IIHS minivan crash testing showed mixed results on the passenger side. They did generally perform better than the midsize SUV test from the spring, though there were still some "structural deficiencies on the right side that still need addressing."

The Insurance Institute for Highway Safety is an independent insurance-industry funded organization that does safety testing on cars and trucks. Most times you see a crash test video, it's probably an IIHS test. Because vehicle safety is constantly evolving, the IIHS adds new tests from time to time. The passenger side offset impact test was added last year.

"In our latest passenger-side tests, we didn't find any performance issues with safety belts or airbags like we did when we evaluated small and midsize SUVs earlier this year and midsize cars last year," says David Zuby, the Institute's chief research officer. "Instead, we saw some structural deficiencies on the right side that still need addressing."

Top score went to the Honda Odyssey. It earned a good rating overall, tops in the test. The Odyssey scored as good nearly across the board, with the top rating for passenger restraints, as well as head and neck, chest, hip and thigh, and lower leg and foot injury likelihood measures. The Chrysler Pacifica also scored good across those categories.

The IIHS rated the Odyssey rated as acceptable for structure. That means that while there was some intrusion of the structure into the passenger area, the IIHS considered the van to maintain passenger space reasonably well. The dash was pushed toward the occupant but by a maximum of nine centimeters.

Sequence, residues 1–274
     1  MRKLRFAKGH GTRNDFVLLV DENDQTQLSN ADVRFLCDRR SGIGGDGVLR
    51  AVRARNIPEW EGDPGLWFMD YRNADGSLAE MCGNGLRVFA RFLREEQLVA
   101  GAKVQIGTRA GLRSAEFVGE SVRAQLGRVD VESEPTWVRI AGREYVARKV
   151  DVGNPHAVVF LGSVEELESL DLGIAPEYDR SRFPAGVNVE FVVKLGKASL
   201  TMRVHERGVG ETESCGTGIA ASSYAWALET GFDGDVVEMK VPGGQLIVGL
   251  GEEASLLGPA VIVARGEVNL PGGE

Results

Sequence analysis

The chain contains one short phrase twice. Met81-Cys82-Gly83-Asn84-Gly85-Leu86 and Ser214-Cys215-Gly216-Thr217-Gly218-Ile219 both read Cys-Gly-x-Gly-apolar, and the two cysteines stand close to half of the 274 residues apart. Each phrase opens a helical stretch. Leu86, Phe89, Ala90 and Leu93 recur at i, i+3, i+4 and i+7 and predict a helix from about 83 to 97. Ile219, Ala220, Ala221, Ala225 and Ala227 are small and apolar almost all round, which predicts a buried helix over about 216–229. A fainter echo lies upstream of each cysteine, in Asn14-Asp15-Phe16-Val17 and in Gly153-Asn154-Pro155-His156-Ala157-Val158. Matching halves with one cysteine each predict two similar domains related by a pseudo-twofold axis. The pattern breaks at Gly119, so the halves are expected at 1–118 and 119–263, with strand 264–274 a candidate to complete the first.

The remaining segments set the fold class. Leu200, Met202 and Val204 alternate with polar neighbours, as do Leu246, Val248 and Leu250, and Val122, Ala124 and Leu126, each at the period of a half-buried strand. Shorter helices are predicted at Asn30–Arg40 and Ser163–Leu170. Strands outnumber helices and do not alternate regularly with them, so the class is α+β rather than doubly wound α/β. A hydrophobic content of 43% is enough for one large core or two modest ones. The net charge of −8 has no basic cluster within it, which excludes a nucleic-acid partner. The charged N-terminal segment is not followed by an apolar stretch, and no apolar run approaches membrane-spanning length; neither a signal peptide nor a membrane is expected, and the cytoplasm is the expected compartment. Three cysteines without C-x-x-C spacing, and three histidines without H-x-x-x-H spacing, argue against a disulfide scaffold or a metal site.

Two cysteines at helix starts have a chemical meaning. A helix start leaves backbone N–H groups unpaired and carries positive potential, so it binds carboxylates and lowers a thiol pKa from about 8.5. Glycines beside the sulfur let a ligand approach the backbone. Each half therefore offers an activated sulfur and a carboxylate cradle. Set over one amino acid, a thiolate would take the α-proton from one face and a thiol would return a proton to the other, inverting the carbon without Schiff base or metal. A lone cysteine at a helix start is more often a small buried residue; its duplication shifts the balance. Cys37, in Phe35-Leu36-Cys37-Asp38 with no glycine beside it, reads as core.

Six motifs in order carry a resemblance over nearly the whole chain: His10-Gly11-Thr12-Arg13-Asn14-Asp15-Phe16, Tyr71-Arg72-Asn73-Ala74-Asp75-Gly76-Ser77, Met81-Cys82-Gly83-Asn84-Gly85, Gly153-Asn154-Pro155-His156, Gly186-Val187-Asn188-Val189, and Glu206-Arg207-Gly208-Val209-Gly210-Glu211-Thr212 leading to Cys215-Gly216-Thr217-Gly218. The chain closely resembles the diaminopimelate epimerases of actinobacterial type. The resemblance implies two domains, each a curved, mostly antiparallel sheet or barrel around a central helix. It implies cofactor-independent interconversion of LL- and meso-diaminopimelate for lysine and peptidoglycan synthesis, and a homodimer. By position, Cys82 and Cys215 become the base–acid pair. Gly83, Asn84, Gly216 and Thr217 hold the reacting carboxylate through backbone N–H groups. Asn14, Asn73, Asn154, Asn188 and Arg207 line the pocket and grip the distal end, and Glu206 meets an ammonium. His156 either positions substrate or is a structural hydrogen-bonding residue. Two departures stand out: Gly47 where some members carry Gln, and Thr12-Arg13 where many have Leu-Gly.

Scores were lower for the Pacifica and the Toyota Sienna. The Pacifica scored a marginal on the test, with the dashboard intruding 13 to 14 cm into the passenger area. That gave the Pacifica an acceptable score overall.

Results for the Toyota Sienna were slightly lower. The Sienna was rated as good for passenger restraints and for the likelihood of head and neck and chest injuries, it scored a poor for structure and acceptable for hip and thigh and lower leg and foot injury. The IIHS said that the passenger's space was "seriously compromised by intruding structure," with 42 cm of dashboard intrusion at 49 cm at the lower door hinge. The Sienna is the oldest of the three vans in this test.

Also included in the results was testing of the LATCH system, the built-in attachment anchors for child seats found in most vehicles. The system is designed to reduce installation errors but isn't foolproof. The IIHS rated the system on ease of use and number of position anchors. It's a rating of how easy it is to attach a child seat properly.

In this testing, the Odyssey scored as Good+, the top score. The Dodge Grand Caravan, Kia Sedona and Toyota Sienna all scored acceptable. The Pacifica scored marginal because of anchors the IIHS found difficult to locate and that some seats required too much force to latch. The IIHS points out that the LATCH ratings don't directly impact safety, but give a guide as to the degree of difficulty in properly attaching a child seat. Not properly attaching the seat does directly impact the safety of all vehicle occupants.